There are three rules for building tension, ideally there should be two unsuccessful attempts to solve a problem before the third successful one, this creates the all important plot arcs that will keep the readers gripped. However, don’t forget, you are the writer, and as long as you understand the rules, you can break them.
When writing it is important that the tension is paces so the big moments of drama build slowly until you reach the climax at the end of the book, when it feels to the reader that the protagonist cannot possibly reach their goal or attain what is important to them.
It is important when writing that your characters are likable, that way they are interesting to the reader even when the plot ebbs.
The best way to learn about plot tension is to read, more and more,see how authors keep raising the stakes, asking questions that you want answered and have to keep reading to find out. There should be a sense of movement within the book, as it travels from one event to the next.
After grabbing the reader’s attention and keeping it throughout the book a writer then needs to finish the book in a way that will resonate strongly with the reader and make them sorry they have finished the book after they have raced through it to find out what happens. Great endings are not easy to do. The writer has already made the decision, usually, if the ending is going to be a satisfactory happy ending, or one that will leave the reader reeling. Both are equally good, but need to be done well to resonate with the reader and make them want to come back to you as a writer. If you want to write as a career then all of the dots have to be lined up.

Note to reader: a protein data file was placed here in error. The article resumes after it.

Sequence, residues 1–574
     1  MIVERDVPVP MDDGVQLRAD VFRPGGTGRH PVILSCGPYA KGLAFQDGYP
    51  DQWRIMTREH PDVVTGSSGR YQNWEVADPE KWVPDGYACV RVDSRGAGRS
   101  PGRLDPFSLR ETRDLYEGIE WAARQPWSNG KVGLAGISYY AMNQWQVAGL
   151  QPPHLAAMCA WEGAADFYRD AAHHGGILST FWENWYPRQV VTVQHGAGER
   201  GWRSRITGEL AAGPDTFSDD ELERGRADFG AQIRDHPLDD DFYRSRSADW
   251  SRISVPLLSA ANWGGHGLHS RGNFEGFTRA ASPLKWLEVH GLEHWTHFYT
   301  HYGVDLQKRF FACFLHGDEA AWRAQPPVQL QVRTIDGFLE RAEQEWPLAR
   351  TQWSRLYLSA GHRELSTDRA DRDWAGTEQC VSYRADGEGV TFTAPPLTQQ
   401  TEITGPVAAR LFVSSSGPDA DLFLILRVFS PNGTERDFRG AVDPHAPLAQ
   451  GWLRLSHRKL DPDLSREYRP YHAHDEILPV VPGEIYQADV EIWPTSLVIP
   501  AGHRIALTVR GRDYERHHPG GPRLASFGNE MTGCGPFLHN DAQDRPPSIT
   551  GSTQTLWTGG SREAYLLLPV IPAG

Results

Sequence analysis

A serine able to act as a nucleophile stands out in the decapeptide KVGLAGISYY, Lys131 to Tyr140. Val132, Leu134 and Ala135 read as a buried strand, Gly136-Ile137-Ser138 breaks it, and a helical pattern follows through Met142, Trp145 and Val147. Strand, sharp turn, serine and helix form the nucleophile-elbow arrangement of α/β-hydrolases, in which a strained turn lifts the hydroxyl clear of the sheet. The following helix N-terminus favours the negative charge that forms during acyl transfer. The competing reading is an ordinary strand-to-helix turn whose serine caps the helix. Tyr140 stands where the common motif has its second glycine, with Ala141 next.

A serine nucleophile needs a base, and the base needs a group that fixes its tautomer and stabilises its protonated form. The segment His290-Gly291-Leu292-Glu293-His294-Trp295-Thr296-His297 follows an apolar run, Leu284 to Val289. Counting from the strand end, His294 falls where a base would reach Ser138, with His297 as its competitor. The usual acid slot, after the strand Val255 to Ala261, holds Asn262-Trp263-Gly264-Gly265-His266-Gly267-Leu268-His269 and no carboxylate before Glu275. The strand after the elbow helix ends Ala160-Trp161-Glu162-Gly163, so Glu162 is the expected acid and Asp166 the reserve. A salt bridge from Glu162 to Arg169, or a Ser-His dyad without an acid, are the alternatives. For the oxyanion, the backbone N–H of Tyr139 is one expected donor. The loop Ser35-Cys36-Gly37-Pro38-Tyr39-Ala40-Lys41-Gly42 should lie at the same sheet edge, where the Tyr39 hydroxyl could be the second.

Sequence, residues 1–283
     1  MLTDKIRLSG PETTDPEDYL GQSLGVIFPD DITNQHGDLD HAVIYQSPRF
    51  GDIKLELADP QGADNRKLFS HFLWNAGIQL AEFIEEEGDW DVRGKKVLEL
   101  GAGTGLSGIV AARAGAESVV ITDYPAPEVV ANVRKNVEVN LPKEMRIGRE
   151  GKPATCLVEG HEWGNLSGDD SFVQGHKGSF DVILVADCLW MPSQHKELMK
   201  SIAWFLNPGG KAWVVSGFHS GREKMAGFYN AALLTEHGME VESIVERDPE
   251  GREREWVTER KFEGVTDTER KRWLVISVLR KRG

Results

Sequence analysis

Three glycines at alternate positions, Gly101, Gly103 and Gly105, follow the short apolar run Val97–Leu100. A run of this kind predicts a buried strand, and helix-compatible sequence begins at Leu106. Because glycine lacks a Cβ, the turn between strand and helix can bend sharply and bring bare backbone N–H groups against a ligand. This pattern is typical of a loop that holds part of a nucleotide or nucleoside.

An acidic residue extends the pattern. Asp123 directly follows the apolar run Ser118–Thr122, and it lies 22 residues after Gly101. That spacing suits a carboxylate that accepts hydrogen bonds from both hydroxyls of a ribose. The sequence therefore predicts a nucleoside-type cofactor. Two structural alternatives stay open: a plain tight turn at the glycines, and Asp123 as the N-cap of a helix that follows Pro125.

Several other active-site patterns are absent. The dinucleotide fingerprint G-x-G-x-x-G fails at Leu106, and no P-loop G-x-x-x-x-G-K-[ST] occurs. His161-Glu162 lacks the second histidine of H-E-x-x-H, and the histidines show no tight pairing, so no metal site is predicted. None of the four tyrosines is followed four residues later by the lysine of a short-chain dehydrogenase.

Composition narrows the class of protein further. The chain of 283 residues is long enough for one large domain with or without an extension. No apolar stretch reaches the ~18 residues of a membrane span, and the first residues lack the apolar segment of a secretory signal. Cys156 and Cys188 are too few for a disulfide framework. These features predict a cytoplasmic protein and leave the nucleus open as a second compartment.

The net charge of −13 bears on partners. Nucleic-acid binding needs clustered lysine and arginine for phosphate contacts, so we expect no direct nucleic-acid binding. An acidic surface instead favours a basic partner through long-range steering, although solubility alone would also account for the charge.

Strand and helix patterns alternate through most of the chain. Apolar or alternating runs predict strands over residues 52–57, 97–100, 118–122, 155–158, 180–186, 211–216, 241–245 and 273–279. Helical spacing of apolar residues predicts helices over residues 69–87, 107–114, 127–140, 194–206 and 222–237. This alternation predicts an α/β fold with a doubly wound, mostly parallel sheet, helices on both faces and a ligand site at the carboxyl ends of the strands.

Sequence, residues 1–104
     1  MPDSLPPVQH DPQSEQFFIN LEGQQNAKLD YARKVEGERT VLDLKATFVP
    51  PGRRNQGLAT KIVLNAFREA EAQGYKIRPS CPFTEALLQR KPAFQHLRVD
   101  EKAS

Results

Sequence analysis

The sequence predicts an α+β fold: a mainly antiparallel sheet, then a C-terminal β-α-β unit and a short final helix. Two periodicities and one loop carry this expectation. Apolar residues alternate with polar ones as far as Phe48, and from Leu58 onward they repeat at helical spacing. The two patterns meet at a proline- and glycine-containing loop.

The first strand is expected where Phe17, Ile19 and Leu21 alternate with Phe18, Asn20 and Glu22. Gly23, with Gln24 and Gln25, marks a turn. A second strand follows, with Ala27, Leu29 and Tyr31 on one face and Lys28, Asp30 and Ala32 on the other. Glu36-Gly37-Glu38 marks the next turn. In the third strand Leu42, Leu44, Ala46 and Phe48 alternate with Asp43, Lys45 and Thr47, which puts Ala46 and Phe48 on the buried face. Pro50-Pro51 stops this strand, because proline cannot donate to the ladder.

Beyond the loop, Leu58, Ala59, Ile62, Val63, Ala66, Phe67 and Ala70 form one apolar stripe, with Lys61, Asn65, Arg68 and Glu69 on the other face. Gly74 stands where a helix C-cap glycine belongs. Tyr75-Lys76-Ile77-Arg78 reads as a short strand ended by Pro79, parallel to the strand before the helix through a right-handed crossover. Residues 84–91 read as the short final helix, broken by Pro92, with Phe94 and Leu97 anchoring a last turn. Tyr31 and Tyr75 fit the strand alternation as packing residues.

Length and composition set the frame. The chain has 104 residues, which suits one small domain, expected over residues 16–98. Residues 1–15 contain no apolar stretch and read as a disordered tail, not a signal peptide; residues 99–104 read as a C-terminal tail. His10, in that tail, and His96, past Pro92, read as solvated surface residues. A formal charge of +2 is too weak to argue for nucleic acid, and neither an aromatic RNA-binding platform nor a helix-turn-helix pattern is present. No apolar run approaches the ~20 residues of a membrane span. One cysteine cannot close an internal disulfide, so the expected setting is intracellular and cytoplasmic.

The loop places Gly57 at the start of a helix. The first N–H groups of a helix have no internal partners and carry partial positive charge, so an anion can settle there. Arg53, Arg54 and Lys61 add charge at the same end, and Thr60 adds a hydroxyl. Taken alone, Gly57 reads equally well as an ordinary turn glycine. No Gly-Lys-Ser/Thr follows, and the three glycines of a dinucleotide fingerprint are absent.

The best endings aren’t necessarily predictable, unless you are writing romance, girl meets boy, something gets in their way, all is perfect in the end type of book. Even this type of book needs to have the tension ramped up throughout the story so that the reader is always guessing, will they? Won’t they?
The best type of endings involve an element of surprise for the reader. As a writer you don’t necessarily have to do anything hugely shocking, but just incorporate an element of the unexpected in the book. A good twist in the ending of the book will literally take your reader’s breath away. The more you read the more you will see this and be aware of plots that are building to one conclusion only to take you completely by surprise by going in absolutely another direction.
The stronger your tension in the plot, the more unlikely it feels that they characters will achieve all they need to, the better your end will be emotionally when the characters achieve their goals. If the book is character driven the moment of insight or understanding can make for a great ending, as long as it has huge repercussions for both the main characters and those who have more minor roles. Equally an ending for a character driven book where the protagonist didn’t change could be just as satisfying.